Clauses Noted: 3
Publication: Daily Mirror
Messrs E. Rex Makin, solicitors complained on behalf of Ian Stewart-Brady that photographs published in the Liverpool Echo, The Mirror and the Daily Record on 11 and 12 January 2000 represented an unjustified intrusion into his privacy in breach of Clause 3 (Privacy) of the Code of Practice.
The complaint was rejected.
The newspapers published photographs of Mr Ian Stewart-Brady which were taken as he was driven, under police guard, from Ashworth Hospital to Fazakerley Hospital. The accompanying texts reported that Mr Stewart-Brady had been on 'hunger strike' and that he was taken to Fazakerley Hospital for tests.
The solicitors said that the newspaper had been 'tipped off' and that the curtains of the van had been left open so that a photograph could be taken. They said that the photographs intruded into Mr Stewart-Brady's privacy without justification.
The Liverpool Echo said they had received information about Mr Stewart-Brady's visit to the Fazakerley Hospital and sent a photographer and two reporters to the hospital where they waited outside in an area open to members of the public. The photographs were taken from this position, using a normal lens, as the van drove past. The police present had raised no objection to their presence or conduct.
The Mirror and Daily Record argued that Mr Stewart-Brady had given up any right to privacy when he committed the crimes for which he has been convicted. He was sentenced to life imprisonment and the State, using tax payers money, is responsible for his welfare. Furthermore, he and his representatives have sought publicity for his condition by revealing to the media details of his campaign to have a right to starve himself to death. This campaign and the security operation to transport him to Fazakerley incurred further considerable expense to the public. The way he looks as a result of his campaign is therefore a matter of public interest.
The Commission disagreed with the arguments of two of the newspapers that Mr Stewart-Brady had given up any right to privacy - and indeed there are no circumstances in which the Commission would adopt such a line. The Code - in line with Human Rights Act - confers rights to privacy on everyone, no matter how horrendous their crimes.
The Commission therefore deployed the normal tests it would in such a privacy matter:
(i) Was the picture taken in a public place? (ii) Did it relate to a matter of public interest? (iii) Had the individual done anything to put issues relating to him in the public domain - and therefore provided de facto consent for the story? (iv) Had the individual taken steps to protect their privacy?
The Commission considered each of these in turn.
(i) It noted that the picture was taken in an area of the hospital grounds which was open to the public and that Mr Stewart-Brady was visible to anybody outside through the window of the van. There was no evidence that he had been harassed. There was therefore no reason why he - like any other individual - should not have been photographed.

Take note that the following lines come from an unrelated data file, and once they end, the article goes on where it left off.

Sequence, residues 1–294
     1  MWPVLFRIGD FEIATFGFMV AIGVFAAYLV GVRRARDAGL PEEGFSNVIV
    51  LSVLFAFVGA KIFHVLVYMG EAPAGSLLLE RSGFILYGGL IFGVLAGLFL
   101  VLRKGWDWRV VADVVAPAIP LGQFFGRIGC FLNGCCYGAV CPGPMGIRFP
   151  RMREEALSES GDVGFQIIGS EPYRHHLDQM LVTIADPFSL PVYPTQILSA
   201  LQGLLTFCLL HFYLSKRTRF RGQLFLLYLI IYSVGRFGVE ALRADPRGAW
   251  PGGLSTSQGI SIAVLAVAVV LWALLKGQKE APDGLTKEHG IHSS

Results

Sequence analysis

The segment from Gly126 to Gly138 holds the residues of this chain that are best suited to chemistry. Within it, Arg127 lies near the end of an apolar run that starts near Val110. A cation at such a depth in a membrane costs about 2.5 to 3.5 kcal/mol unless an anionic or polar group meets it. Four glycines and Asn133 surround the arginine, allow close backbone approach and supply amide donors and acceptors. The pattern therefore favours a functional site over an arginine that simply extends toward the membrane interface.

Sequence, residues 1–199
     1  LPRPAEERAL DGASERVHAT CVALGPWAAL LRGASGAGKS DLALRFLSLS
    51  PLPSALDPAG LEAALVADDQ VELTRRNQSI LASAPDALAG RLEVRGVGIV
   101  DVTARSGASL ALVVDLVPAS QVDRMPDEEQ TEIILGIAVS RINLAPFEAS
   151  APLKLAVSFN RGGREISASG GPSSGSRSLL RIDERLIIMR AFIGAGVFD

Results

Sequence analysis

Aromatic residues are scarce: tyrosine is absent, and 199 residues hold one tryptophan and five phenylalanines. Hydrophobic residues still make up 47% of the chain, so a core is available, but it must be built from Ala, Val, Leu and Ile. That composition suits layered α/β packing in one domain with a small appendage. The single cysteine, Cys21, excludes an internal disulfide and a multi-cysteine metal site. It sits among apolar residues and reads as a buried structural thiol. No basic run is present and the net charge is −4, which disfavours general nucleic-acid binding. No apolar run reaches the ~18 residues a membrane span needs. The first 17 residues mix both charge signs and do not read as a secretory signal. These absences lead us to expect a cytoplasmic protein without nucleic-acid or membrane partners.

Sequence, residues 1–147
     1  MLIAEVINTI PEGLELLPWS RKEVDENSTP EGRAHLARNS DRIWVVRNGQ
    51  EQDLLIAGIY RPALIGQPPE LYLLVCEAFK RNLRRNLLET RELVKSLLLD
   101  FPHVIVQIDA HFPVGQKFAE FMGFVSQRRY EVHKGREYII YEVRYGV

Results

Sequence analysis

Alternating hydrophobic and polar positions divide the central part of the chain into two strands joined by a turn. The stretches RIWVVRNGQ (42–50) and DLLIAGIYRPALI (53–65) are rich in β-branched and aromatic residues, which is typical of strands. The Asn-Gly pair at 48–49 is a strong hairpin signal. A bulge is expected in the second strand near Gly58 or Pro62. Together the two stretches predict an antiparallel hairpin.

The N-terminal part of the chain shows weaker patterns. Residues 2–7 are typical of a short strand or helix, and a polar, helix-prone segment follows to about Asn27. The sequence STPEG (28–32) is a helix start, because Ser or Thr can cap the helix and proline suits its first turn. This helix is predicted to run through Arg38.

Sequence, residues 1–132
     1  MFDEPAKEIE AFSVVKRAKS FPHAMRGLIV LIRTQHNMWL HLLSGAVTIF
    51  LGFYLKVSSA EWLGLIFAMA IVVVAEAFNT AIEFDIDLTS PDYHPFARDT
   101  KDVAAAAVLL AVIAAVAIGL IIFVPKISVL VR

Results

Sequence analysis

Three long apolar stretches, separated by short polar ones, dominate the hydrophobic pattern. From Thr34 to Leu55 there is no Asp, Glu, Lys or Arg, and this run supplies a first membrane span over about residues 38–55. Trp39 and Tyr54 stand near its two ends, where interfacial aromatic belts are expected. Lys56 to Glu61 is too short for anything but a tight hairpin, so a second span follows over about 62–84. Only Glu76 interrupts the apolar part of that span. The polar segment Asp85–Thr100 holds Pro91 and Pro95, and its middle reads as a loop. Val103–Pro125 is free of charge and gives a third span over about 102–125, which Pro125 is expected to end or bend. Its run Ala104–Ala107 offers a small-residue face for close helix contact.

(ii) It noted that Mr Stewart-Brady had been campaigning to have a right to starve himself to death. This matter has received considerable publicity and there was a campaign being conducted on his behalf about his position. This was clearly a matter of public interest.
(iii) The Commission noted that both Mr Stewart-Brady and his representatives have issued statements to the media about his clinical condition, his campaign and his objection to being force fed. It also noted that the complaint related only to the publication of the picture, not to the accompanying reports of his transfer to Fazakerley for tests. As the pictures only illustrated the stories, but were otherwise unexceptional, the Commission did not accept that they were either breaches or serious breaches of the Code; they were comparable to those considered by the Court of Appeal when, on a previous occasion, Mr Stewart-Brady unsuccessfully took the Commission to judicial review over its decision on a complaint he had made.
(iv) The Commission noted that Mr Stewart-Brady has failed to complain to the Commission about a number of previous articles which related to his health and his current campaign to have a right to starve himself to death.
The Commission found that the complaint failed on each of these counts. This was not an intrusion because the picture was taken in an area open to the public, it concerned a matter of public interest, and it illustrated articles about which there was no complaint. Furthermore, Mr Stewart-Brady has compromised his own right to privacy under the Code by putting material about his position at Ashworth into the public domain and then by complaining only selectively to the Commission about articles which relate to him.
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